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Headlines reading "Jake Paul to earn WBC ranking with win over Tommy Fury" certainly raised eyebrows around the combat sports world ahead of Saturday's clash in Diriyah, Saudi Arabia. Certainly, the statement by WBC president Mauricio Sulaiman was designed to be an attention grabber. But there's much to unpack behind the idea of a world-ranked Jake Paul.

One of the main factors driving negative reactions to the idea of Paul earning a ranking is a misunderstanding of exactly how the WBC rankings work. Even men who live in the boxing space, such as Matchroom Boxing's Eddie Hearn, have made mistakes when it comes to this.

"Sometimes governing bodies have to live in that commercial world as well," Hearn told IFL TV. "Tommy Fury's a proper fighter and Jake Paul would make a statement if he won that fight. Not a statement that he can challenge for a world title, but, ultimately, there's a little bit of publicity in there. ... Is it right? Not really. Because there's fighters that deserve to be in the top 15 much more than Jake Paul, but it's the world we live in."

The issue is, the WBC never said Paul would earn a spot in their top 15, simply that the winner of the fight would enter the rankings. The WBC cruiserweight rankings are 40 deep. There has been no indication that Paul would be bumping any established cruiserweight from the WBC top 15.

This is important to note as a fighter must be ranked in that top 15 to be eligible to earn a shot at a WBC world championship, which is set to be defended on Sunday's undercard when champion Ilunga Makabu faces Badou Jack.

Also worth noting is that cruiserweight is almost certainly the division with the least depth in boxing outside of the recently-created bridgerweight division. While everyone currently in WBC's top 40 has clearly more established themselves as boxers, there are also plenty of men on that list who very recently have fought opponents with records such as 1-4 or 7-17-1.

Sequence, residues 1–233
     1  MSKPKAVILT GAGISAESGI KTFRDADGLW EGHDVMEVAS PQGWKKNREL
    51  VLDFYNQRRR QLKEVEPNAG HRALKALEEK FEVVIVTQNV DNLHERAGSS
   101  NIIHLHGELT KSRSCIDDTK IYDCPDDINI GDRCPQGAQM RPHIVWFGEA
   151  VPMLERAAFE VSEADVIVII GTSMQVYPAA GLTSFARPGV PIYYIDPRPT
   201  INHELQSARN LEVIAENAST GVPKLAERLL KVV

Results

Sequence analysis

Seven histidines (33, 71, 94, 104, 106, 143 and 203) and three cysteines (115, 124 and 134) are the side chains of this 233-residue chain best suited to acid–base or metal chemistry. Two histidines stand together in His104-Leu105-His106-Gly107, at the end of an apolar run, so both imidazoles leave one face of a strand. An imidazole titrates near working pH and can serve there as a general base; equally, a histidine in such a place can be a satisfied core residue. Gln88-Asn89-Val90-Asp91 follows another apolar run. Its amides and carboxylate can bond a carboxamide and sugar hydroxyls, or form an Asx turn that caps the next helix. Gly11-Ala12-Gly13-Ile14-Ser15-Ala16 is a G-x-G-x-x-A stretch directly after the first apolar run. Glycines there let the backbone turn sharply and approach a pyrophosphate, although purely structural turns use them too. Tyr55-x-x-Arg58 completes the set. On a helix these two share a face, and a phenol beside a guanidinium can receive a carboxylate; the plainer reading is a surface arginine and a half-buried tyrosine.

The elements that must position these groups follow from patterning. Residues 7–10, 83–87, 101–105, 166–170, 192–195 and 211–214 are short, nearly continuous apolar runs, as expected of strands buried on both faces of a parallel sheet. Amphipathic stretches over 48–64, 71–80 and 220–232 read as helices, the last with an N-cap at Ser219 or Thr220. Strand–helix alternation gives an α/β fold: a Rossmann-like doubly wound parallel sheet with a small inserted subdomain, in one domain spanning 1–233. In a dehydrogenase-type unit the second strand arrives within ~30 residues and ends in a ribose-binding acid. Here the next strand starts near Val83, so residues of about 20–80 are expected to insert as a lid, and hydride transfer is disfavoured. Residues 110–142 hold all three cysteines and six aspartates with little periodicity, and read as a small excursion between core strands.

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The current No. 40-ranked fighter is Serdar Avci, who holds the spot because he won the WBC international silver title, which is a secondary version of the already secondary WBC international title, via a second-round injury TKO in his most recent outing.   

Paul's path as a professional boxer has certainly been unique. Almost every boxer of note faces a series of low-quality fighters in their first few years as a professional. Fury is only the second fighter Paul has faced who enters the fight with professional boxing experience. But unlike most fighters, Paul has fought every fight in front of big audiences, against opponents with the means to put together training camps beyond anything a debuting boxer could afford, and with most of those opponents as accomplished professional fighters used to the big stage.

Fury's resume is likely worse than Paul's when you factor in the above about Paul's opponents. His eight professional opponents had a combined 24-176-5 record when they faced Fury, including men like Genadij Krajevskij, who entered his November 2020 bout with Fury with an 0-11 record. Krajevskij took no professional bouts for the six months after the loss to Fury before losing a stunning 35 fights in the past 27 months to drop his record to 0-47.

All that considered, do Fury or Paul legitimately deserve a spot ahead of No. 40-ranked Avci or any of the other men currently ranked? No. But no one should spend too much energy preaching the sanctity of rankings that mean very little once you get to the No. 30-40 range.

Ultimately, the idea of a ranking being up for grabs when Fury and Paul face off is a transparent publicity stunt. It's just not quite as bad as the gut reaction one may have had when the headlines first started hitting their social media timelines. This ranking stunt changes nothing in the boxing landscape for anyone other than the unfortunate soul who gets bumped from the bottom spot of the rankings.